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British actress Olivia Williams with sabre fish.
I’m turning 27 and have been on my own since college. Over a year ago I exited a seven-year, mostly long-distance relationship, and things have generally been great. I’ve been floating around and having fun readjusting, but now I’m getting the urge to have some stability. Mind you, I only mean socially; I’m not interested in having a wife or children anytime soon.
I’m good friends with my two housemates, and we’ve built a decent coed network of buddies. I visit home every few weekends and get along great with my family and the old gang. The problem is that my social life feels inappropriate for my age, personality and interests. I like engaging in intelligent conversation (with preferably a beautiful, funny girl once in a while), sitting at regular ol’ bars for a few beers and smokes, and consuming music, nonfiction and other quality cultural media.
But though they are also out of college with careers now, the people I’ve been hanging around with thrive on more of an extended adolescence: empty flirtation with Barbie at the trendy nightspots, beer pong, ’80s iPod playlists, making fun of each other, and lounging in gym clothes in front of video games, Judd Apatow movies and ESPN. I do wish I could now claim some of the shameless, irresponsible, mainstream fun that my serious relationship kept in check, but on the other hand, there was a reason I never wanted to join a frat …
I can escape from that scene in some satisfying ways — practicing the piano, having an occasional co-workers happy hour, getting back into riding my bicycle and playing tennis, and reading, reading, reading — but none are opportunities to start friendships with cooler people.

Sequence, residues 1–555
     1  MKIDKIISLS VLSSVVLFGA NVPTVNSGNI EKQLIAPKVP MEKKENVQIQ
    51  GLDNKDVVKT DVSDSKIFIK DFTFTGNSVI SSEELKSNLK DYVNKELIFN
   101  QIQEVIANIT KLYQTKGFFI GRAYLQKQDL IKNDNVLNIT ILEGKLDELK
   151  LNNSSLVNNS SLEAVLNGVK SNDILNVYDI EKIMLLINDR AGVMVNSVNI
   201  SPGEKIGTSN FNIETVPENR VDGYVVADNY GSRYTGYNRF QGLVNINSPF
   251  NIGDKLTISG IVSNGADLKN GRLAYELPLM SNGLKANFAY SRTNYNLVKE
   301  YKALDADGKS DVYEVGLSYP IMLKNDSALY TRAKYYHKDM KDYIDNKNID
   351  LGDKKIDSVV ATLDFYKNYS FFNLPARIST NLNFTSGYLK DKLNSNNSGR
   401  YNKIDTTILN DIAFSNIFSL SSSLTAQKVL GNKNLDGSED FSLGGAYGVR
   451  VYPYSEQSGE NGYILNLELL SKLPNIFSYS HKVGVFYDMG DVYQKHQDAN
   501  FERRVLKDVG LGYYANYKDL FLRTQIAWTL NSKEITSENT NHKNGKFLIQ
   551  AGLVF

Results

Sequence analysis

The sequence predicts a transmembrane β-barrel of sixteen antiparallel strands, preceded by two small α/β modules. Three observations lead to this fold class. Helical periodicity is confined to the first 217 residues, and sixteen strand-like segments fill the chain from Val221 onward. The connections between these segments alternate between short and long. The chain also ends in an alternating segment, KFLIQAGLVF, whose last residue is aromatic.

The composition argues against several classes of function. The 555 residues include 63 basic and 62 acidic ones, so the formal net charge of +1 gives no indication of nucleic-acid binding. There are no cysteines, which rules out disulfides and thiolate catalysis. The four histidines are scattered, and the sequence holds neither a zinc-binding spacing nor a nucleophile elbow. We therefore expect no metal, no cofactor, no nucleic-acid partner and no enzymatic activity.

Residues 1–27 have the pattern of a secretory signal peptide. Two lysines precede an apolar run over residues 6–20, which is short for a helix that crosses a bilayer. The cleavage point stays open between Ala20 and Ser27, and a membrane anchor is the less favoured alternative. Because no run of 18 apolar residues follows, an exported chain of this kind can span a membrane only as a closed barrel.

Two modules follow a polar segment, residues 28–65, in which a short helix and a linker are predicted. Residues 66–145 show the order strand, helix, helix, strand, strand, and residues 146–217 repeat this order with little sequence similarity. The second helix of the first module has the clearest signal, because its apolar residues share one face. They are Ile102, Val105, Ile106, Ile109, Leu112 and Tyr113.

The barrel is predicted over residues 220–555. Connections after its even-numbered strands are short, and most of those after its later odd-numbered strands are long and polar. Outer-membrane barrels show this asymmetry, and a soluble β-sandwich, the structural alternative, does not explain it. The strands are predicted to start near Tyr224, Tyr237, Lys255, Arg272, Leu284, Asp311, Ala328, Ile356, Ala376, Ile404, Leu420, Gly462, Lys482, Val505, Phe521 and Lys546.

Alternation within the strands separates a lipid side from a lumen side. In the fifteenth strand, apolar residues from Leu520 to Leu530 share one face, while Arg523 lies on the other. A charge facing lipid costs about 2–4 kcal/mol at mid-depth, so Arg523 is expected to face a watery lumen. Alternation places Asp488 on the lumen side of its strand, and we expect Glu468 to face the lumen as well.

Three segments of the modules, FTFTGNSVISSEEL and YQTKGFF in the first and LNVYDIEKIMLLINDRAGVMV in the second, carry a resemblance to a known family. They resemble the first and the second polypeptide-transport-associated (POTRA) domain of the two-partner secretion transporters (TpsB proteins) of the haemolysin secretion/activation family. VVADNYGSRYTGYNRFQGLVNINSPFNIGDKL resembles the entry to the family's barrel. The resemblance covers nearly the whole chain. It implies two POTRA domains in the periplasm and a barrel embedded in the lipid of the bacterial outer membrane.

My mother said to find a discussion group at a bookstore. Eh, maybe … What do you think? Should I turn back toward the home crowd? Should I look for a new job or go back to school? Should I try falling in with the seemingly hip clientele at a certain local bar, and if so, how would I go about politely ditching the housemates on those nights? Or is it just time to give up, find a girl online or something, and settle?
Dear Socially Stuck,
May I say, first of all, that it sounds like you have a really great life, relatively speaking? That doesn’t mean you should stay in it and not move on. But you have a great foundation for taking the next step. And it’s time. It’s time for that next step. You’ve identified some needs and you’re thinking of ways to fulfill them within your current situation. But I do not think it has occurred to you that your current situation is too small to meet your needs. I sense that you have bigger dreams.
Naturally, you want to preserve certain privileges of youth. You are only 27. You still enjoy certain pleasures of college life, the fraternal feelings among your housemates, the feeling of security that comes of being with them and being able to act naturally, feeling you belong. And you can still stay up all night and go to parties and not look like the oldest guy there.